Some questions you can ask before entering your password are:

    Example of a webpage with the correct domain name and a secure connection: 

Social media websites are a fun and interactive way of keeping up-to-date with current events as well as keeping in touch with friends and family. Due to the popularity of services such as Facebook and Twitter, social media sites have become a target for scammers and other threatening people.

Below is some SecureIT advice that will help you to increase your security while using social media.

Portable devices such as smart phones and tablets have become an important part of working and studying at the University. Because these devices store information such as contacts, emails and documents it’s important that they are looked after.

Below is some SecureIT advice for keeping your smart device secure.

University-managed computers offer a range of security features which protect staff and students from various online threats. Many of us, however, work from our own personal computer that we bring from home.

Below is some SecureIT advice for increasing the security of your personal computer.

  • Install security software and update it regularly

    Security software such as antivirus, anti-spyware or personal firewall will help protect your computer from viruses, spyware and hackers. You can choose to either install these products separately, or use an all-in-one suite that bundles them together.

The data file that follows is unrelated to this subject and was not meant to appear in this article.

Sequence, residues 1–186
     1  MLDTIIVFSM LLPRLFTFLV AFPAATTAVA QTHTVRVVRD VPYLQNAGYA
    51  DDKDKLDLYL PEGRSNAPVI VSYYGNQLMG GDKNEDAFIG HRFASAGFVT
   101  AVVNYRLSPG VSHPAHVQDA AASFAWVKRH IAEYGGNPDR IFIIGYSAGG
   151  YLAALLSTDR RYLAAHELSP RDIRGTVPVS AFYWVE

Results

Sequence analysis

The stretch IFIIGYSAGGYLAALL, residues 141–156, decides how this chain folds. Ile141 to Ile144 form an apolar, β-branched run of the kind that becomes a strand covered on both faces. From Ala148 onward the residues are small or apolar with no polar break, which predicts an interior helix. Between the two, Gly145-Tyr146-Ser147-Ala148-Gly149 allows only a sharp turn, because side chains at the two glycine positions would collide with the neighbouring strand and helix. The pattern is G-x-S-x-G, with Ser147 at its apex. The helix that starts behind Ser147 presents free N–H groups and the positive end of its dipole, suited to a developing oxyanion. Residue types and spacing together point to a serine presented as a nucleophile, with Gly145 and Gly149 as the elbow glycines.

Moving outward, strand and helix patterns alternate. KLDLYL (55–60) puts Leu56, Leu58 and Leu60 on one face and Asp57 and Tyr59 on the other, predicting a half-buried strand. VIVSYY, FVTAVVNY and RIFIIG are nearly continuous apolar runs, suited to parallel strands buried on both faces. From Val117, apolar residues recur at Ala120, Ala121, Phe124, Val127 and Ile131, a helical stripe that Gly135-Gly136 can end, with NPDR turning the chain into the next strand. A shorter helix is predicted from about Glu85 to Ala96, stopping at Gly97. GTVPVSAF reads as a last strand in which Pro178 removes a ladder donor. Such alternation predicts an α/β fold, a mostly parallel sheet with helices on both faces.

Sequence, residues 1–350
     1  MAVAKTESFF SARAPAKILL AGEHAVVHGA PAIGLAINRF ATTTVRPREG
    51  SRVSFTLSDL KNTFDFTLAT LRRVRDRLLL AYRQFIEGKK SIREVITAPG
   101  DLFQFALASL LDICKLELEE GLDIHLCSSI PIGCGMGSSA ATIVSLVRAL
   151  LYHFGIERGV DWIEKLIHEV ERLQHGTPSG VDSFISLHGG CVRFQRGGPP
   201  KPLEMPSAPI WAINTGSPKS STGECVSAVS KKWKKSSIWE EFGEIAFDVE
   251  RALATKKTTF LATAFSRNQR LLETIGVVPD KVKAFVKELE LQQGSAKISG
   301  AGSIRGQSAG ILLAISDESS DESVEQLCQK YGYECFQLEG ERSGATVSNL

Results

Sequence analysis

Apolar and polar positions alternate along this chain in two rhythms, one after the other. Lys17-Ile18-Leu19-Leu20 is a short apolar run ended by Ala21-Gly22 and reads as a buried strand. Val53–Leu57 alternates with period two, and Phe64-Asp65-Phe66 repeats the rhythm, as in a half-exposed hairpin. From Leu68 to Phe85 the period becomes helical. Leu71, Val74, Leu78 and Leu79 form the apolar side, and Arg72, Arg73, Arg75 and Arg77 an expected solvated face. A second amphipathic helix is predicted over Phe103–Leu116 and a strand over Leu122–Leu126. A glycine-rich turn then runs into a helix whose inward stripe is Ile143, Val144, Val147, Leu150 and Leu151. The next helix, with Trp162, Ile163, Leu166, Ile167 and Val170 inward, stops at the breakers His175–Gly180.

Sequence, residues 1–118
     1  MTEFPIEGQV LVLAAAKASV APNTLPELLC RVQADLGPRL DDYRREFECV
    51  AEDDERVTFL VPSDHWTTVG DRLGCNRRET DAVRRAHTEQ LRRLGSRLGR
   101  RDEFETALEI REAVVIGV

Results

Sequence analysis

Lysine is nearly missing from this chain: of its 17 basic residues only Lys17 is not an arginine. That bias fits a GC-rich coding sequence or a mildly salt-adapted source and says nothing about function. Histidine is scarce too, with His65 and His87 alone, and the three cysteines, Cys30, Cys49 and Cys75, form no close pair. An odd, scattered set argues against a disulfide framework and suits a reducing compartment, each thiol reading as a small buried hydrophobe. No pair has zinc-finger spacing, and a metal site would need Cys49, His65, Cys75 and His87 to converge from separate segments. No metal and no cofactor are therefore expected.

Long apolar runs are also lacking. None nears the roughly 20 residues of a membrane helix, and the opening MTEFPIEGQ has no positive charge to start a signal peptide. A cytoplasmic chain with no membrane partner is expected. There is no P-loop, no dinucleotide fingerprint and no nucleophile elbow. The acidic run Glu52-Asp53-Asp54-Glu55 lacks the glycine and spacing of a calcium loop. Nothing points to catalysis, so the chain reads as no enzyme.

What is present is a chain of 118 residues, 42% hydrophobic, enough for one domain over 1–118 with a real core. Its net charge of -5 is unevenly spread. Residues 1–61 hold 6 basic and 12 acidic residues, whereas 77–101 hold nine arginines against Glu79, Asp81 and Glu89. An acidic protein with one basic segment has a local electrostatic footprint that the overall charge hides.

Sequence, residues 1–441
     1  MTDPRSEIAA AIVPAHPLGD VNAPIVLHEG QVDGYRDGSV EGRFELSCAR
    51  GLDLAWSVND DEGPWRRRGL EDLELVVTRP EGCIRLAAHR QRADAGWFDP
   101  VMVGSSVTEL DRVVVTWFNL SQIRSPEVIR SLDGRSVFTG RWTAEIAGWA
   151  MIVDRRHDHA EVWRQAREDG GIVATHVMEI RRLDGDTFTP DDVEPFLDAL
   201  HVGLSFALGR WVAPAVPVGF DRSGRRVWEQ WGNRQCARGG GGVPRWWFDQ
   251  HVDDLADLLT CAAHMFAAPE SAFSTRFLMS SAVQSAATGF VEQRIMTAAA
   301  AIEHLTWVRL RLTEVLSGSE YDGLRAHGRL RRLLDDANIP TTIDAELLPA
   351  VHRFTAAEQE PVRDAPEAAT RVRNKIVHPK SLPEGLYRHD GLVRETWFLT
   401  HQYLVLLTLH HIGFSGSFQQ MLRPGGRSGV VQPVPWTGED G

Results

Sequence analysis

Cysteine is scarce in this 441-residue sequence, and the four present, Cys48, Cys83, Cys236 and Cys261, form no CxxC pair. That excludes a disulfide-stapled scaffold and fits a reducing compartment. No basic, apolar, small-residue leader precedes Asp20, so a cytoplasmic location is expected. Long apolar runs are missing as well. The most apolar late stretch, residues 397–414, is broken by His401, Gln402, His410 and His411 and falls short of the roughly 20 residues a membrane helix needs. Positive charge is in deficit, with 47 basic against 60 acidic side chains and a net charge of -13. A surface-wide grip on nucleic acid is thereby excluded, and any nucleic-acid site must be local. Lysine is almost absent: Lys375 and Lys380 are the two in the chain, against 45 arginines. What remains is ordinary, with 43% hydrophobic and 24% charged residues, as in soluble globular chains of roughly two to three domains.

• Turn on automatic updates to protect your computer from hackers

    Software companies regularly issue free updates to fix security problems in their software. These fixes are called patches and should be applied regularly to prevent hackers from gaining access to your computer.

    Most operating systems and application software can be configured to update automatically. Check your program settings for a ‘check for updates’ option.

    Microsoft is no longer providing support or patches for Windows 7. This can leave your computer vulnerable to hackers as security problems are no longer being fixed. If you are using Windows 7, we strongly recommend that you upgrade your personal computer to Windows 10.

  • Lock your screen when you are not using your computer

    Your personal computer is an essential tool for working and studying at the University. Because it contains important files including emails, passwords and other sensitive information you should protect your computer at all times.

    Here are some simple steps you can take to safeguard your personal computer:

    • Immediately lock your screen when you walk away from your computer
    • Set your screen saver to automatically lock after 10 minutes of inactivity
    • Never leave your computer unattended in public areas
  • Set a strong password and change it from time to time

    Passwords aren’t unbreakable but they can prevent strangers from casually accessing your computer.

    Here are some steps you can take to set and protect your password:

    • Choose a strong password
    • Your computer’s password should be 100% unique and unlike any other password you use
    • Never reuse old passwords
    • Change your password at least once a year

    Learn more about password security.